The way students learn at Western is slowly changing as physical textbooks are phased out, and the availability of online textbooks and resources augments what students are learning in the classroom.
According to John Doerksen, vice-provost of academic programs and students at Western University, Western has seen an increasing trend of students who take online courses over the years, with up to 10 per cent of its courses being offered fully online today. He believes that online materials can enhance students' learning experiences.
Second-year kinesiology student, Ali Reza Aminpour, finds that his online courses allow for more flexibility in his study schedule. Instead of rushing to classes and tutorials, he likes to choose when he will engage in learning.
"Last year, there were too many people in a class," recalled Aminpour. "I also feel like the prof was just going over the content too quickly and some things were unclear ... but for the online version, the notes are always there."
However, Aminpour also thinks that online materials can get confusing and that readings and diagrams may sometimes need extra clarifications from professors in person.
Fourth-year French student, Teresa Furrow, also acknowledges the convenience of online courses, but she prefers attending her classes in person.
"I think I'm more of an oral learner, so it's easier for me to hear somebody talking so I absorb the information better," said Furrow. "You also have the benefit of having the professor right there, so you can ask whatever questions that you need to."
Furrow gave an example of the usefulness of an online presentation tool on OWL called VoiceThread. When uploading presentations, students can re-record and replace audio and video files until the student is satisfied with their work.
Doerksen regards the ability of online learning materials to be personalized as one of its main benefits. Instead of simply transferring text to online PDF files, he believes that creating more personalized and immersive learning materials will help to enrich students' educational experience, such as with open educational resources.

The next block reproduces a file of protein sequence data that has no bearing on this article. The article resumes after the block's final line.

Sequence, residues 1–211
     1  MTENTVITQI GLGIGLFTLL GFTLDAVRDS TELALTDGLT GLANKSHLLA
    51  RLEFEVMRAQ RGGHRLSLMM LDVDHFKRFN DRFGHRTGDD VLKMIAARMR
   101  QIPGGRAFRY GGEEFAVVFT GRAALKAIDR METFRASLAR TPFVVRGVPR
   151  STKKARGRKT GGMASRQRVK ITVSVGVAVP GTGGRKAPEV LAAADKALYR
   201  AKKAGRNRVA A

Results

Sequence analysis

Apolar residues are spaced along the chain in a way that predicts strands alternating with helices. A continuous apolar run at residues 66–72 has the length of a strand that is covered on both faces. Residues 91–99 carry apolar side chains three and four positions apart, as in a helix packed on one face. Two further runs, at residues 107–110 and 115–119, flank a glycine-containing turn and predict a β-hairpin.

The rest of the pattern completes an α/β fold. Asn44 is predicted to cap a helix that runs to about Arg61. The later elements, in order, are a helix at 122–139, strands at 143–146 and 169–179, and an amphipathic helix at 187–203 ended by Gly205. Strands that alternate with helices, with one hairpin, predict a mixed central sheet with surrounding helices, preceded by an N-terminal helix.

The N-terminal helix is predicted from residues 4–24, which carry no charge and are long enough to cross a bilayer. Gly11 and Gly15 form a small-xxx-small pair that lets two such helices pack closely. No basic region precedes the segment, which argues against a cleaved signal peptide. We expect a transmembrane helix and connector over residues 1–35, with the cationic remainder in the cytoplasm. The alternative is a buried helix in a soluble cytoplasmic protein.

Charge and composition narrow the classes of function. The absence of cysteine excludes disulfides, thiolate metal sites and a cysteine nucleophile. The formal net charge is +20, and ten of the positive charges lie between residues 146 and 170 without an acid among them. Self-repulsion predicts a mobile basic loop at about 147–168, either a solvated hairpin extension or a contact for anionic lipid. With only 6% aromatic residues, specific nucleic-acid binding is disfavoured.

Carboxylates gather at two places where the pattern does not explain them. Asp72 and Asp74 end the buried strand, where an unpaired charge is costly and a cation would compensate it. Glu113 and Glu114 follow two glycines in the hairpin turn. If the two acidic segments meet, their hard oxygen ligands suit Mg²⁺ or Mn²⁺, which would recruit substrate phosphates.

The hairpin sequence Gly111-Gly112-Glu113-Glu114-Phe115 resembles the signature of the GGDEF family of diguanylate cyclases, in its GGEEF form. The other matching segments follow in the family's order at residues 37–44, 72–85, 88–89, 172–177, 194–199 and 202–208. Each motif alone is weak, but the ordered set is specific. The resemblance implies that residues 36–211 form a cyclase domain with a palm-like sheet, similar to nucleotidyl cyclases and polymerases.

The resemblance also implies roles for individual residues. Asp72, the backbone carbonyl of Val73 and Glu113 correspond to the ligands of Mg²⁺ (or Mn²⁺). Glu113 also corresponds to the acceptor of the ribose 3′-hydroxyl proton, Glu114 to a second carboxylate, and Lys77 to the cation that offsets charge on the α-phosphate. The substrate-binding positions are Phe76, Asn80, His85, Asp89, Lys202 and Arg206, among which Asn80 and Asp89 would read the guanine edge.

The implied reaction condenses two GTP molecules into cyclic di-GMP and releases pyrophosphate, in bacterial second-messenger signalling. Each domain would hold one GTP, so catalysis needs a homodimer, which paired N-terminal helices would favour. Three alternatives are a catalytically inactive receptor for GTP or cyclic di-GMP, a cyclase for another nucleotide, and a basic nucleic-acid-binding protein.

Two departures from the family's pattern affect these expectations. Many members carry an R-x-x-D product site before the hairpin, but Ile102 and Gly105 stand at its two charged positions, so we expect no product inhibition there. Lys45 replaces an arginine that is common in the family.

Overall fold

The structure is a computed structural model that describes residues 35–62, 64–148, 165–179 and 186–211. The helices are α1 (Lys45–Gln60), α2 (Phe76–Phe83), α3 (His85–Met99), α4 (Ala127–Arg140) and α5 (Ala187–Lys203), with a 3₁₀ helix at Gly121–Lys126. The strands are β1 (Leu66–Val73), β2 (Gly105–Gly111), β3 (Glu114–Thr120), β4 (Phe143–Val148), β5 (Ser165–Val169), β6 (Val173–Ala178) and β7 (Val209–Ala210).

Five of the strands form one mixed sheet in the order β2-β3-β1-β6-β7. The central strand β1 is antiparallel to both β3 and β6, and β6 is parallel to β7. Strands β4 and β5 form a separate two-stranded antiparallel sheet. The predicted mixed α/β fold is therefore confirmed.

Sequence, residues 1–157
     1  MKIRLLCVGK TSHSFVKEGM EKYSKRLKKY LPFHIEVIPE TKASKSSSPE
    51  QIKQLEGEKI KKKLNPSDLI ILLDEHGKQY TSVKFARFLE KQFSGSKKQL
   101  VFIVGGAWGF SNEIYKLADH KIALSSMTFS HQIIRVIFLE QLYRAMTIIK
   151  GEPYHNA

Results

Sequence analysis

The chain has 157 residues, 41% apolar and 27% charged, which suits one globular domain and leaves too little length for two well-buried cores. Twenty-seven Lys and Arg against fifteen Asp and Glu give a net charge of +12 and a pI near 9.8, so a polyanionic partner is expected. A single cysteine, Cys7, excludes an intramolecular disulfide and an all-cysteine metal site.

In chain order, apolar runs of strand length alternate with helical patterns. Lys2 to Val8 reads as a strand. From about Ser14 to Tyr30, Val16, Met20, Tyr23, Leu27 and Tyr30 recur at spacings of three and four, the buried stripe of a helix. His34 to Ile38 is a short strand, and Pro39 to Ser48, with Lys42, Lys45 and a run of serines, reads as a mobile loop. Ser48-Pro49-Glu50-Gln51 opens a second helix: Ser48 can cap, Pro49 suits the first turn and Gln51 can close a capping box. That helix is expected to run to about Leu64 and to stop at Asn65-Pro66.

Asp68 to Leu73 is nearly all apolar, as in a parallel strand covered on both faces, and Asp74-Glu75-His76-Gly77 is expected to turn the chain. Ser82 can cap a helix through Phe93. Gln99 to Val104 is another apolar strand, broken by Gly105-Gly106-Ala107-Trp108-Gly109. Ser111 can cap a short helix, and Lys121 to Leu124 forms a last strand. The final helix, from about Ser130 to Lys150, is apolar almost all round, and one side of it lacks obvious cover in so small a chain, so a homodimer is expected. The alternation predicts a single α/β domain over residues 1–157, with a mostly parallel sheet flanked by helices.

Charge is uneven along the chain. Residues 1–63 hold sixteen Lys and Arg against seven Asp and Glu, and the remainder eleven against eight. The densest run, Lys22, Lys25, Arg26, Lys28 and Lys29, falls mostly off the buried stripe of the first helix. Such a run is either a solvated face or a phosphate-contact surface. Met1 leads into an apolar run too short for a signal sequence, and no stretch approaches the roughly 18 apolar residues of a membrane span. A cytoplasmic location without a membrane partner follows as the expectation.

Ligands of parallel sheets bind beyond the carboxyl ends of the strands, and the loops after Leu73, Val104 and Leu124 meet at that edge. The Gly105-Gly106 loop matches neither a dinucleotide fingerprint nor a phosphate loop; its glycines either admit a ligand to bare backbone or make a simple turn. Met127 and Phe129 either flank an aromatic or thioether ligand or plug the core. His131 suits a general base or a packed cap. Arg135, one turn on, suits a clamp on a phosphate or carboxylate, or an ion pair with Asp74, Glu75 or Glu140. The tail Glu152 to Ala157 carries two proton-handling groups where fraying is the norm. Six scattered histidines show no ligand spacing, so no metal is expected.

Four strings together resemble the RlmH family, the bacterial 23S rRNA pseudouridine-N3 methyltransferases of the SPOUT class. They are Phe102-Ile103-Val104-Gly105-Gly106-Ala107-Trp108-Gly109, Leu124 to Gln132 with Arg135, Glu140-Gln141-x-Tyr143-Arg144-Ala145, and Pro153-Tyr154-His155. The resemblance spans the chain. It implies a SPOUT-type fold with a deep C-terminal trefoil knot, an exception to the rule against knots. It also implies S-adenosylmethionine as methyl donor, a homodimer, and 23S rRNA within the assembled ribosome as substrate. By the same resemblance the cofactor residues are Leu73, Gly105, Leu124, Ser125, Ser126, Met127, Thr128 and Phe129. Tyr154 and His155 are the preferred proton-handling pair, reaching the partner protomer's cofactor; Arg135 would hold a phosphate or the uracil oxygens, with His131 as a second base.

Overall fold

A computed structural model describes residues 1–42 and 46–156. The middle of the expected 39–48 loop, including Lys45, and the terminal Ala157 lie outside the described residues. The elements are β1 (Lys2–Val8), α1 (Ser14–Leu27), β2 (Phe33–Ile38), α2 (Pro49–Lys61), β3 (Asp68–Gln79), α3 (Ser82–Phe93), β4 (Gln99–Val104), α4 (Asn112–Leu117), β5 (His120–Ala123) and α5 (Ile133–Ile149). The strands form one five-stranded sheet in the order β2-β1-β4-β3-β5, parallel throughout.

OERs are free, digital content that can be used for teaching, learning and research. Doerksen pointed to British Columbia as a leader in Canada in terms of OERs. He said that B.C. has developed a wide range of high-quality OERs that have greatly helped students in their learning.
Although Western does not have an institutional strategic direction regarding OERs, Doerksen explained that the use of online resources is not determined by university administration. Instead, faculty members have the freedom to choose the type of instructional materials that they will be using in their own classrooms.
Doerksen said the university supports its staff in using technology-enabled learning strategies in the classroom. For example, support is offered to faculties who wish to develop blended courses, which are a mixture of traditional and online learning. Western also values classrooms that integrate technology such as Smart Boards.
"I was really pleased that some of our faculty colleagues did get grant funding through eCampusOntario to develop some OERs," Doerksen said. "My sense is that, in the next number of years, we are going to see more OERs become available."
eCampusOntario is a not-for-profit corporation that promotes the use of technology in teaching and learning environments. Funded by the provincial government, the organization has developed an online portal to allow students to view summaries of and enrol in online courses that are offered by Ontario universities and colleges.
Doerksen believes Western may have up to 150 courses listed on the eCampusOntario portal. In addition, Western has been involved in a few learning research projects with eCampusOntario. Doerksen said the organization has made outstanding progress in the use of online courses.
"I think students have the benefit today to have a richer learning environment,” Doerksen said. “I think the [learning environment] is changing in the context of research that is being done around student learning and partly around student demand itself."